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It's All About Jobs


For release 10:00 a.m. (EDT) Friday, October 22, 2010 USDL-10-1452


Employers took 1,486 mass layoff actions in September that resulted in the separation of 133,379 workers, seasonally adjusted, as measured by new filings for unemployment insurance benefits during the month, the U.S. Bureau of Labor Statistics reported today. Each action involved at least 50 persons from a single employer.

The national unemployment rate was 9.6 percent in September, seasonally adjusted, unchanged from the prior month and down from 9.8 percent a year earlier.
The US midterm elections on 2nd November 2010 will be dominated by one issue: jobs. Around eight million jobs have been lost across the country since the economic downturn began in December 2007. President Barack Obama's stimulus measures appear to have had some success in stemming the layoffs, but job creation remains weak and the unemployment rate is still hovering close to ten per cent.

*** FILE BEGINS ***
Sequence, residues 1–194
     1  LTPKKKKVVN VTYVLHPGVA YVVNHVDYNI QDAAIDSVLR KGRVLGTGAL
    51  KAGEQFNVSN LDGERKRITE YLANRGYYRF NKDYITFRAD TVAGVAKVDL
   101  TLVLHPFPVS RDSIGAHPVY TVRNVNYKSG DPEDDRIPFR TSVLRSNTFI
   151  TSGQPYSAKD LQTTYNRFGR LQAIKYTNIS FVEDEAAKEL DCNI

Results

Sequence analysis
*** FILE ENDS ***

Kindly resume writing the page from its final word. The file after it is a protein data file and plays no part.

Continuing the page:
'I can't over-emphasize the importance of this [to the elections],' says Thomas Mann of the Brookings Institution. 'The state of the economy, the unemployment, the underemployment, the sort of stagnant income, the declining income for some families, the decline in personal assets, in retirement funds, stock holdings and personal savings. All of that has created a great sense that nothing is working in this country. People are very bleak about the state of the economy.'
Jan Johannessen spent a day photographing people at the WorkForce One centre in Hollywood, Florida. Among the people he photographed was 52 year old Nancy, who had been coming to the job centre every day for a year and a half, ever since the healthcare company she was working for downsized. He asked Nancy how many jobs she had applied for. 'I would have gone nuts if I was counting,' Nancy replied.
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